Court docs: Ex-Quinnipiac women’s ice hockey coach Rick Seeley abused players since 2009-2010

Photo Courtesy: Quinnipiac Athletics

By: Andrew Badillo and Ayah Galal

Due to the graphic nature of the content, reader discretion is advised.

The most recent memorandum filed in former Quinnipiac women’s ice hockey head coach Rick Seeley’s lawsuit against Quinnipiac and David Bills revealed that players at the school reported abusive behavior by Seeley as early as the 2009 season. Yet, the school extended Seeley’s contract three times after 2009 and former athletic director Jack McDonald denied knowledge of abuse allegations despite multiple examples cited in athlete surveys.

Seeley coached at Quinnipiac from 2008-2015 and, according to the memorandum filed in the New Haven Judicial District Court, the university investigated an incident in which he grabbed one of his players at a game against Harvard on March 14, 2015.

Following the investigation, the university “decided that it would be best to separate you (Seeley) from employment,” it said in a letter to Seeley dated April 9, 2015, signed by former Vice President of Human Resources Ron Mason.

At the time of Seeley’s firing, McDonald, who has been the athletic director at University of New England since Fall 2015, told QBSN, “Obviously if we knew what is being alleged, then (the hiring) just wouldn’t have happened.”

Yet, the surveys, dating back to 2009, paint a different picture.

In the QBSN article McDonald said that the athletes fill out the surveys and said that there were no problems up until the 2013-2014 season.

In an email to Q30 Television this weekend, McDonald said he would not comment on the memorandum or anything pertaining to it.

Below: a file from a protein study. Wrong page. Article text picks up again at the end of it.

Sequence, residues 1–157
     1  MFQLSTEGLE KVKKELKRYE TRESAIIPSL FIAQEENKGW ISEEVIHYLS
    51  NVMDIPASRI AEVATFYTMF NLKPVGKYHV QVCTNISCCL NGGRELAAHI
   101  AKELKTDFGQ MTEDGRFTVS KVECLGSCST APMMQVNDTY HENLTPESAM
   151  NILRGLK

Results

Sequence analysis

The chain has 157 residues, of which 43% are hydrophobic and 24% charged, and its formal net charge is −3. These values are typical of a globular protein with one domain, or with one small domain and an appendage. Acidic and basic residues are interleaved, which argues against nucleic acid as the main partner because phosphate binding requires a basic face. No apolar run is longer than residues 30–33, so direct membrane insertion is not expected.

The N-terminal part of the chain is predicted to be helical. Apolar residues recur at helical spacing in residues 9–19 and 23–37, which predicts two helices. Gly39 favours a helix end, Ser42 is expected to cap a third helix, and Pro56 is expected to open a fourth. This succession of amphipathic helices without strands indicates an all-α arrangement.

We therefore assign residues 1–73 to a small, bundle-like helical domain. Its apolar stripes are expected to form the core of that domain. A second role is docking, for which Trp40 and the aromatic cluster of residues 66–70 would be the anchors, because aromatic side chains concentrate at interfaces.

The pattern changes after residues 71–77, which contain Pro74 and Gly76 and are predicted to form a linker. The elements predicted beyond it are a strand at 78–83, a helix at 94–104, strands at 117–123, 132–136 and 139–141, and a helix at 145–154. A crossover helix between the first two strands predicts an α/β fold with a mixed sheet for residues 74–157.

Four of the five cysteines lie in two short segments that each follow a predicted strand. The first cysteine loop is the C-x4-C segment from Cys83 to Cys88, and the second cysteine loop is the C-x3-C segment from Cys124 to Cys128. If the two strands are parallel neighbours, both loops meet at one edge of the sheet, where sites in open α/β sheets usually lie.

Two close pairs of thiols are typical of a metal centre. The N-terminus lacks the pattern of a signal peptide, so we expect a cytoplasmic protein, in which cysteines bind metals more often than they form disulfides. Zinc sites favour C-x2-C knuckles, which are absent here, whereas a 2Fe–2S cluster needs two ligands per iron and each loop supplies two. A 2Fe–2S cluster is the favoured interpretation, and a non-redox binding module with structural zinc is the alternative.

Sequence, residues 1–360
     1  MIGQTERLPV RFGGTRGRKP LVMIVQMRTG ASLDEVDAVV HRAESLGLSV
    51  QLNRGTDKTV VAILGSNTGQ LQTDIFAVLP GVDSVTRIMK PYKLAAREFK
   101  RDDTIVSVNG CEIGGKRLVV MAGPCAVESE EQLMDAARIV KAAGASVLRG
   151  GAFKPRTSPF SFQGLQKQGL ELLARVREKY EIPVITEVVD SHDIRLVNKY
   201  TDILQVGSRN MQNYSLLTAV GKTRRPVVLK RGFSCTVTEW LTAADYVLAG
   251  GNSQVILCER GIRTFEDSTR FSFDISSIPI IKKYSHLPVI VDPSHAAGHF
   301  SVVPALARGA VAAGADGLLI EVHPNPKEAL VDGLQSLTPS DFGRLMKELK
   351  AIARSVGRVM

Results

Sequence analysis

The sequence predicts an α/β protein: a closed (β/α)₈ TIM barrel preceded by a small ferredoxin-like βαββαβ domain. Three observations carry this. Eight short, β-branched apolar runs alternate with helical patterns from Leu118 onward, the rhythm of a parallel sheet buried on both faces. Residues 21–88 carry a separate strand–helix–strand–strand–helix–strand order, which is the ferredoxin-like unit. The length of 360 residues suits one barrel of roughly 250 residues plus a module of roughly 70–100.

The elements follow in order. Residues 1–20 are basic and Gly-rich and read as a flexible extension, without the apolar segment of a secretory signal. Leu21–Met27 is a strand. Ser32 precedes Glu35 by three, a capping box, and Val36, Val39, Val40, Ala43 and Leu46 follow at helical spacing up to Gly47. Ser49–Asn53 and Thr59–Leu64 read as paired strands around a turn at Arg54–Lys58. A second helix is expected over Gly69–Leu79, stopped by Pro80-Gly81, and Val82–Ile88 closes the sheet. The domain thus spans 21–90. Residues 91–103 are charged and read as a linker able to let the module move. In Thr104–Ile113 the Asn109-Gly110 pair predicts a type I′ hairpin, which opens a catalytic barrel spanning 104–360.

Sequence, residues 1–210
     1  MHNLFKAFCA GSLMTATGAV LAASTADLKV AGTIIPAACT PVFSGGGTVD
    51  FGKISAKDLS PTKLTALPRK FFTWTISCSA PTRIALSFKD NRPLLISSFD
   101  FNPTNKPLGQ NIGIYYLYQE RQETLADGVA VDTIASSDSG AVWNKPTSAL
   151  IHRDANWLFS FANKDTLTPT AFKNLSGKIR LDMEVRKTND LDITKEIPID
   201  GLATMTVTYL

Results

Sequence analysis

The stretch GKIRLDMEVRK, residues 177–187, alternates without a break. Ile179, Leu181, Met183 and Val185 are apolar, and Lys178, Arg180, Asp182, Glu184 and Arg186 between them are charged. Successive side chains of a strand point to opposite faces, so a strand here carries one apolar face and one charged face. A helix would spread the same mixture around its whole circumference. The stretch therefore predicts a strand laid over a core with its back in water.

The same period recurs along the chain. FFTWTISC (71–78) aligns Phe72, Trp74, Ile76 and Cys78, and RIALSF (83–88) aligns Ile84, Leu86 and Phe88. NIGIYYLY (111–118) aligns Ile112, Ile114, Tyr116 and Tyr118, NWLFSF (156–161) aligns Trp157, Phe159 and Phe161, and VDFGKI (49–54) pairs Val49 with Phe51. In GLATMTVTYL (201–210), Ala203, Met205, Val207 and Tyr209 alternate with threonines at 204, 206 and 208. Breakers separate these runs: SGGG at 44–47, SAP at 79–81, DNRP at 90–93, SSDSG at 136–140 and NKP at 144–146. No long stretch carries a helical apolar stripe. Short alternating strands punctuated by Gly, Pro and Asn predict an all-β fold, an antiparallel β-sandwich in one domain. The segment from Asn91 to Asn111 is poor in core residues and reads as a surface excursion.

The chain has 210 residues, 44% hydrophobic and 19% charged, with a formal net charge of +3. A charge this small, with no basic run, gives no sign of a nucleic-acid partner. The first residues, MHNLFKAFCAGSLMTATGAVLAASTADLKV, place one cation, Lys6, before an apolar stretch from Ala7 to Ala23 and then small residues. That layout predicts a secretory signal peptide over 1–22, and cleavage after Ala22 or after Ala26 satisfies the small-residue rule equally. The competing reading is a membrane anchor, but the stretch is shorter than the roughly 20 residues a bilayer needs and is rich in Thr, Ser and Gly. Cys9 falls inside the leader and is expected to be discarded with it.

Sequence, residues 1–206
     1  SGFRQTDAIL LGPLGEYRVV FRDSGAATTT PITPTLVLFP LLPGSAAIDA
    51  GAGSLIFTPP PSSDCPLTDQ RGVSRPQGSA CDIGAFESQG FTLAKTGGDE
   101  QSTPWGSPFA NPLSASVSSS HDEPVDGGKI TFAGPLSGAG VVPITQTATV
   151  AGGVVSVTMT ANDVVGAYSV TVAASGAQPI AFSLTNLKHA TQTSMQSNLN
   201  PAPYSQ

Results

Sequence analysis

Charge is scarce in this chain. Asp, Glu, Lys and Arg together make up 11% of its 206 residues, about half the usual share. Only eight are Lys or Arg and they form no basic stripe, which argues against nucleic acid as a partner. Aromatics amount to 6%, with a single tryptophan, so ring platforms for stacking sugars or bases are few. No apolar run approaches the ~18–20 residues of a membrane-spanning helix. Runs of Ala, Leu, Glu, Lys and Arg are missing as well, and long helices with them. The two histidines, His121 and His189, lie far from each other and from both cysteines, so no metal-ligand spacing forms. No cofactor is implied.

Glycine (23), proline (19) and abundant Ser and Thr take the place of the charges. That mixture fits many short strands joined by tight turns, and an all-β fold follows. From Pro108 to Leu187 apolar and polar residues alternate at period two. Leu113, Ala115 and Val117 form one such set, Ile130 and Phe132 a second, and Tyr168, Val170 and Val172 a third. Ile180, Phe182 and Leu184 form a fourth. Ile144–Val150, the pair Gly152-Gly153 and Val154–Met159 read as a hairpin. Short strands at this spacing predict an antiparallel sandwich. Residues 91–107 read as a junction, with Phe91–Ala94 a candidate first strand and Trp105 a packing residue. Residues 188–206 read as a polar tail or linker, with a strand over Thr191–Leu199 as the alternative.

Associate Vice President of Public Relations, John Morgan, told Q30 that the university will not comment on ongoing legal matters.

 

Surveys outline alleged abuse dating back to 2009

The 2009-2010 survey outlined alleged verbal and physical abuse by Seeley. Despite their success, players indicated that it, “comes at the expense of emotional distress and verbal neglect” and that “the environment is extremely intense and often can get the best of a lot of players.”

Another player wrote that, “coach was a crazy man, in a less then (sic) positive way.”

One player recommended a team psychologist.

In the 2012-2013 surveys, the alleged abuse continued and got worse.

“Not only does he (Seeley) break the rules but he (Seeley) tries to scare you into not telling on him (Seeley) or he (Seeley) won’t play you. He (Seeley) pushed someone off the bench once because she wasn’t having her best game. He (Seeley) has thrown people’s sticks across the room and grabbed us by our jerseys. We watch film on the bus rides home, we watch film on the day of games and we practice way over our hours…. [H]e (Seeley) treated us like sh– and he (Seeley) always tries to make us feel worthless….”

NCAA rules allow athletes to participate athletic related activities (practice, watching video, lifting, etc.) for 20 hours a week.

The 2013-2014 survey’s contain allegations of verbal and physical abuse yet again.

“Players cited more NCAA violations, commented on Seeley’s anger issues and use of fear, and indicated he (Seeley) ‘probably shouldn’t aim a slapshot at a player that did something wrong in practice,’” the motion read.

Although Seeley’s knowledge of hockey was praised, players continued to note problems like swearing at the team and his extreme temper. Moreover, players noted “he (Seeley) sometimes personally attacks individuals.”’

Throughout the memorandum players allege that Seeley physically and verbally abused former star forward Kelly Babstock during her time on the team.